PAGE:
1. News
  2. Health News

EPA wrongfully approved use of bee-killing pesticides, judge rules

Insecticides in the neonic family are blamed for the widespread death of the world's honey bees

Photo (c) AdobeStock
The agrochemical industry says that a class of insect-killing pesticides called neonicotinoids -- neonics for short -- are beneficial for farmers because the chemical kills and deters crop-killing pests. When used appropriately, the industry says, farmers will have better yields on their soybean farms or cotton fields.

An Environmental Protection Agency report from 2014, however, comes to the opposite conclusion. The EPA’s report is called, “Benefits of Neonicotinoid Seed Treatments to Soybean Production,” even though the EPA found no benefits to using neonicotinoids. “EPA concludes that these seed treatments provide little or no overall benefits to soybean production in most situations,” the EPA wrote.

While the EPA was telling the public there was essentially no good reason for farmers to use a chemical that the agency had already approved, an increasing amount of research from other organizations found that the mass spraying of neonics has had grave consequences.

Honey bee killer

Research has pinpointed the widespread spraying of neonic pesticides as a major factor in the world’s declining population of honey bees and other pollinators. Without pollinators, scientists warn, "many of us would no longer be able to enjoy coffee, chocolate and apples, among many other foods that are part of our daily lives," Dr. Simon Potts, a professor at the University of Reading in the United Kingdom, explained last year in a report published by the United Nations. Organizations have also warned that neonics may cause widespread water contamination. 

The situation became so worrisome that the European Union instituted a ban on three neonic pesticides in 2013 and is currently considering an outright ban on all neonicotinoids. 

But none of that has convinced the Environmental Protection Agency that neonicotinoids could be harming wildlife or the food supply. “Most approved uses do not pose significant risks to bee colonies,” the EPA determined  in January. “However, spray applications to a few crops, such as cucumbers, berries, and cotton, may pose risks to bees that come in direct contact with residue.”

Beekeepers sue

That assessment, that bees are only in danger if they come into direct contact with the pesticide residue on a few specific crops, is too conservative for beekeepers. Four professional beekeepers filed suit against the Environmental Protection Agency in 2013 with help from the Sierra Club, the Pesticide Action Network, the Center for Food Safety and the Center for Environmental Health. The case has gone slowly but the NGOs are celebrating a recent victory.

Federal Judge Maxine Chesney ruled May 8 that the EPA violated federal laws protecting wildlife when the agency approved 59 neonic pesticides between 2007 and 2012. 

Chesney writes in her decision that the Endangered Species act requires federal agencies to consult with the Fish and Wildlife Service and the National Marine Fisheries Services to ensure that none of its decisions pose harm to endangered animals. “Here, the EPA concedes it has not consulted either said agency nor made a ‘no effect’ determination,” Chesney wrote.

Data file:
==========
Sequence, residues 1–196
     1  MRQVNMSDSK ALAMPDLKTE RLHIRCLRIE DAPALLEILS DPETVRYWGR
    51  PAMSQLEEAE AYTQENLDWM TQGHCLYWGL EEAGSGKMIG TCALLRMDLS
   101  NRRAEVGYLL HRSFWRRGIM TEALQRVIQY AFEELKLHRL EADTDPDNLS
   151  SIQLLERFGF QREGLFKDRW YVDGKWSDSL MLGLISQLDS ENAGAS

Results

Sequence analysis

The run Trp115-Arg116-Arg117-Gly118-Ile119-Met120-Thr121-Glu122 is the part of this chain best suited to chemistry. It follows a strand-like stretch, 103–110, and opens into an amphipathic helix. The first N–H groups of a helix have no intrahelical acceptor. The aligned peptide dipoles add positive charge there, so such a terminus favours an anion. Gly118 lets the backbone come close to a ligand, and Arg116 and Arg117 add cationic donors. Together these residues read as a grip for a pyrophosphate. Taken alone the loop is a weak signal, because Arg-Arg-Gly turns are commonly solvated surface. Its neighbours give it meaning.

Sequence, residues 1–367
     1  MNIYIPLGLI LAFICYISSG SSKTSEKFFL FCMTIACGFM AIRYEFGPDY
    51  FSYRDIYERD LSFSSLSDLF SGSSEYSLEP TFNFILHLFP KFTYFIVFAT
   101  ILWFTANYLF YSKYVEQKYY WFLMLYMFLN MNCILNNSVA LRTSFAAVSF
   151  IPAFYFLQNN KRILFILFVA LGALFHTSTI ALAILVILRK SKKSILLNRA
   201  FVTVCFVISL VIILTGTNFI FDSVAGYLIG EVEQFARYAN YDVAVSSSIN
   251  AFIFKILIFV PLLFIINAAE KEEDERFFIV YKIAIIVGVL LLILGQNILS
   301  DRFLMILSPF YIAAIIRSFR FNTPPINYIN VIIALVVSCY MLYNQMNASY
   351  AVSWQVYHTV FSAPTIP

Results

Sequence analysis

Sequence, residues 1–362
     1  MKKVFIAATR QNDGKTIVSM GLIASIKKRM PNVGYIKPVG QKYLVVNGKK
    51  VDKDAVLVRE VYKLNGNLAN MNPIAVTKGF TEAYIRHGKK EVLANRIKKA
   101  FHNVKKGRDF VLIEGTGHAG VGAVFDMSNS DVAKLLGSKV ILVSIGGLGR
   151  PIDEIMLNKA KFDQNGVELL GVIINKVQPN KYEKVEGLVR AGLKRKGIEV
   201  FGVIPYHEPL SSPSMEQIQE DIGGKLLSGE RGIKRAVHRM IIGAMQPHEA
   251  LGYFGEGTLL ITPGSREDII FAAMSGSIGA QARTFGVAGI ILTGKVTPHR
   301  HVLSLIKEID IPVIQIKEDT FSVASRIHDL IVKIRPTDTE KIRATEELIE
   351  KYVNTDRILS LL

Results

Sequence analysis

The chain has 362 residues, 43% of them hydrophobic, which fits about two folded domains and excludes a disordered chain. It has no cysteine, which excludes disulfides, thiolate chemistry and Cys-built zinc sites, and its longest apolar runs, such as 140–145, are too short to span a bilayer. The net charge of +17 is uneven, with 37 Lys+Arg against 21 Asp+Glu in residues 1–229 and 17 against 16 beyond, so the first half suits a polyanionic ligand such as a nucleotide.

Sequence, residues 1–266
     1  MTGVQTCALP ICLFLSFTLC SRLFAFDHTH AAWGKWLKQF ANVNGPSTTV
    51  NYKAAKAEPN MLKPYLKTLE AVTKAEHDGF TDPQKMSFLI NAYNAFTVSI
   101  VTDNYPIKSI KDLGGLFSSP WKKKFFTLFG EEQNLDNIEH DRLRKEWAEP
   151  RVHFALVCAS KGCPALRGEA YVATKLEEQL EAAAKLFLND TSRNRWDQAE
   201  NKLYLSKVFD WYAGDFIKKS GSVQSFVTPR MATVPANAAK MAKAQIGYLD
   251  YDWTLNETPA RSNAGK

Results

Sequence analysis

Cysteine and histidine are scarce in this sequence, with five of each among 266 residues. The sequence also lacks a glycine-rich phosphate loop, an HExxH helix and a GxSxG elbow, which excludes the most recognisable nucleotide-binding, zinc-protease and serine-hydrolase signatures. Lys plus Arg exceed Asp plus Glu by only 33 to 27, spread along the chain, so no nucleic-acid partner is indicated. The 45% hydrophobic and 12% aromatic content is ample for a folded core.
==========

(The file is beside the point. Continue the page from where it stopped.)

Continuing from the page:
The case is far from over, but Center for Food Safety’s legal director George Kimbrell described the judge’s recent ruling against the EPA as “a vital victory" in a press release. 

No comment 'off-the-record'

EPA spokesman Robert Daguillard directed ConsumerAffairs to send questions over via email. But his reply contained no statements about the lawsuit or answers to any questions. “Off the record, we’re not commenting on pending litigation,” is all the EPA spokesman wrote. 

At least one-third of the acreage of soybean fields and over three-quarters of the country’s corn fields are sprayed with insecticides from the neonic family, according to research from Penn State University in 2015. “This pattern suggests that neonicotinoids are often being used as an ‘insurance policy’ against uncertain insect attack, rather than in response to a documented pest threat,” entomologist John Tooker explained at the time. It’s an insurance policy that has brought massive profits to agrochemical companies.

Bayer, the pharmaceutical and agrochemical giant, reported $525 million in insecticide sales in just one quarter last year. The company’s crop sciences division is named as a defendant in the recent lawsuit alongside the EPA. “We are convinced that neonicotinoids are user-safe insecticides with a positive environmental profile, and are not dangerous to bees when used responsibly and according to labeling instructions,” Bayer wrote to investors last year.

In a statement, Bayer spokesman Jeff Donald points to the fact that Judge Chesney did not side with the beekeepers and NGOs for the entirety of the ruling. "For most of those arguments the Judge found that EPA followed the correct procedures," Donald writes to ConsumerAffairs via email. "The Judge's order also upheld EPA's decision that there was no imminent hazard to the environment from using clothianidin products."

Find a Medical Alert System partner near you.